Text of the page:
12-08-15 02:42 PM
29 12
tools
  1. d987654321's Avatar
    It's easy to "think like a customer" when you are one. But running a business, an iconic one at that, requires you to stay focused on one thing. In BlackBerry's case, it's staying in the consumer market.

    Ditch hand sets, you lose icon status and go purely software.

    If you want capture some of your former glory, cater to the crowd and go android...until you make enough money to call the shots.

    I think BlackBerry has enough money to stay alive forever. Consumers will think it's dead, but it'll hold on to Its niche market of enterprise and government.
    11-07-15 10:35 PM
  2. Troy Tiscareno's Avatar
    I think BlackBerry has enough money to stay alive forever.
    Even Apple doesn't have enough money to stay alive forever. Companies that want to survive in the long run need to continually make profits, because they'll certainly continue to have expenses, and you'd be amazed at how ravenous those expenses can be.

    If BB wants to survive on enterprise revenues alone, based on their current products, they'll need to do a lot more downsizing to survive for very long, because the staffing levels are still no where close to where they'd need to be to make that sustainable.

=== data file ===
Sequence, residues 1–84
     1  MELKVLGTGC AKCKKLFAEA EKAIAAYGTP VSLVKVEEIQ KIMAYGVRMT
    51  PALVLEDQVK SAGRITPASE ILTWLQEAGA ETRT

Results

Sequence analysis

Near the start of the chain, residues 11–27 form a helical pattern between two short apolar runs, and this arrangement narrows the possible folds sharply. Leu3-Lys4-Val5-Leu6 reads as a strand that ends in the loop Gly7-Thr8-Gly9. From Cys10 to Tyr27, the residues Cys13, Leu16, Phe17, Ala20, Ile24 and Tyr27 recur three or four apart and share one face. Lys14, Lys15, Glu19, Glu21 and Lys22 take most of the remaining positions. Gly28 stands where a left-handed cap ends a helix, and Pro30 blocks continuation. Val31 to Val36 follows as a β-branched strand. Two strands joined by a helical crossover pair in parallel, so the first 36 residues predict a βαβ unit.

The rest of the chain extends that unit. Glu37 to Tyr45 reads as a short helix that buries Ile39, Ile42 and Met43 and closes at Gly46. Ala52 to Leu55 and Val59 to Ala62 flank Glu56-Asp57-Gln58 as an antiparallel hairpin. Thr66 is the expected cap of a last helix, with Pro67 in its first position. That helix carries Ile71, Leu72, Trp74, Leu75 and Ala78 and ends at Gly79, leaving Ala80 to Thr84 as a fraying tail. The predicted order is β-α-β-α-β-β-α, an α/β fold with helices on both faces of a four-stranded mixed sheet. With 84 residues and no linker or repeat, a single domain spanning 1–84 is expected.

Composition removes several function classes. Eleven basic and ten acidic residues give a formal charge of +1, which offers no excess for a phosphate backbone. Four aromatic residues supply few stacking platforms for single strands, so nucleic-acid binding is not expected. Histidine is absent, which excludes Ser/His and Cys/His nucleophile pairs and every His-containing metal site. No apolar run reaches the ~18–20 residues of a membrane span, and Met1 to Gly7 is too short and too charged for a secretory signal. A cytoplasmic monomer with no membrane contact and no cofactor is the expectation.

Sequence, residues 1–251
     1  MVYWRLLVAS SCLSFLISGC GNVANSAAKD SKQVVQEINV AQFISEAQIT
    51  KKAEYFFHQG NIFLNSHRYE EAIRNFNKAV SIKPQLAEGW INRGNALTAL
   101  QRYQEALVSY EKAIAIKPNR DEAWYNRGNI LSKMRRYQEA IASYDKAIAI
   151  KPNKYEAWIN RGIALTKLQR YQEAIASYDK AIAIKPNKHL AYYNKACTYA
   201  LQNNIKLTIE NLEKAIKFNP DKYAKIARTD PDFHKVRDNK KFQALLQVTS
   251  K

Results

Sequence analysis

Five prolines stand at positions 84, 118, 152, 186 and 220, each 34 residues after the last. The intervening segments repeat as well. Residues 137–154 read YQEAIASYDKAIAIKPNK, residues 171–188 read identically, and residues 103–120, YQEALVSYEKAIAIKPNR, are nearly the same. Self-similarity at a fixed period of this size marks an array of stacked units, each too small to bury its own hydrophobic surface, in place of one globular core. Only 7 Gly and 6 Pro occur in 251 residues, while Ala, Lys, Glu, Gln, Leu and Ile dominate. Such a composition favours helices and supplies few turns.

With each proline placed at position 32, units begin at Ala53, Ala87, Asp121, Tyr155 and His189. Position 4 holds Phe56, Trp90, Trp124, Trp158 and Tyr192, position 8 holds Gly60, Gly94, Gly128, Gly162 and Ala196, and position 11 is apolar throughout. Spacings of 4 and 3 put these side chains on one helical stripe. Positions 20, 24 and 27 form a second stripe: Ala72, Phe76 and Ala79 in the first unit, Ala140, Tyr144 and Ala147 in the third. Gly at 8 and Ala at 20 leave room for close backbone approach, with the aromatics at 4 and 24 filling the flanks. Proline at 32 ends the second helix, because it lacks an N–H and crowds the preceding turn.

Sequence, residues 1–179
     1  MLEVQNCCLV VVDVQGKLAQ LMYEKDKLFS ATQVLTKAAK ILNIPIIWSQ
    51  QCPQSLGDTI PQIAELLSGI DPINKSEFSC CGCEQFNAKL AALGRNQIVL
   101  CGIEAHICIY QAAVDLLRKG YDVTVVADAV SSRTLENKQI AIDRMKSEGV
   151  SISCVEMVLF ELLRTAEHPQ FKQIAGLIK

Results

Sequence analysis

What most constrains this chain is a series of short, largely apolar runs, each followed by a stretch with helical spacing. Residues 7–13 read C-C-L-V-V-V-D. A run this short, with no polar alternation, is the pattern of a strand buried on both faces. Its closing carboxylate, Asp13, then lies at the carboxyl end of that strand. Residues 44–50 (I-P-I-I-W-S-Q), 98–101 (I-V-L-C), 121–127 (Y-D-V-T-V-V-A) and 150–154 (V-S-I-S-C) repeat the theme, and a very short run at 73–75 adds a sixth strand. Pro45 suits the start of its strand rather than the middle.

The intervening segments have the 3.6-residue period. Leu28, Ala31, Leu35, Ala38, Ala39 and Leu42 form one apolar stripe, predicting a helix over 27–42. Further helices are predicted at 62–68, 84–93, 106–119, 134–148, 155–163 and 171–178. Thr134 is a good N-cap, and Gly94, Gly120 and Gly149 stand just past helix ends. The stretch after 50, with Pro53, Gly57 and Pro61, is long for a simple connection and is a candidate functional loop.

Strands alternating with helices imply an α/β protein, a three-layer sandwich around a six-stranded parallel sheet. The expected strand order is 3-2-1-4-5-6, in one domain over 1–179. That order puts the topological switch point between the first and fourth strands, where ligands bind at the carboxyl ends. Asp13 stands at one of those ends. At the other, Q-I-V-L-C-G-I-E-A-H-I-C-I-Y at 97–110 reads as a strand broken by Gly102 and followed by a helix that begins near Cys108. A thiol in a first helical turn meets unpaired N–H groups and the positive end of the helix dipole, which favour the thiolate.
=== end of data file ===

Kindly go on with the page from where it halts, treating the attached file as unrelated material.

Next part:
11-08-15 03:43 PM
  3. Prem WatsApp's Avatar
    Even Apple doesn't have enough money to stay alive forever. Companies that want to survive in the long run need to continually make profits, because they'll certainly continue to have expenses, and you'd be amazed at how ravenous those expenses can be.

    If BB wants to survive on enterprise revenues alone, based on their current products, they'll need to do a lot more downsizing to survive for very long, because the staffing levels are still no where close to where they'd need to be to make that sustainable.
    With the Priv, and the announced follow-up devices, I assume revenues will start to increase and the company turn profitable again... also don't forget software.

    Yes, BlackBerry will have enough money to achieve this... :-)

      AC/CB - back in black or highway to mobile h*ll? ;-P  
    11-11-15 09:47 PM
  4. KermEd's Avatar
    What? No. Don't follow BlackBerry as a business model. They are borderline bankrupt. And right now doing everything they can to find a way to be relevant....

    Yes maybe they will survive. But they keep making junior mistakes such as poor marketing and terrible interviews with the CEO. Not to mention abysmal communication to end users.

    Please *dont* follow the BlackBerry model. Wait, let it succeed or fail, and adopt only the relevant lessons.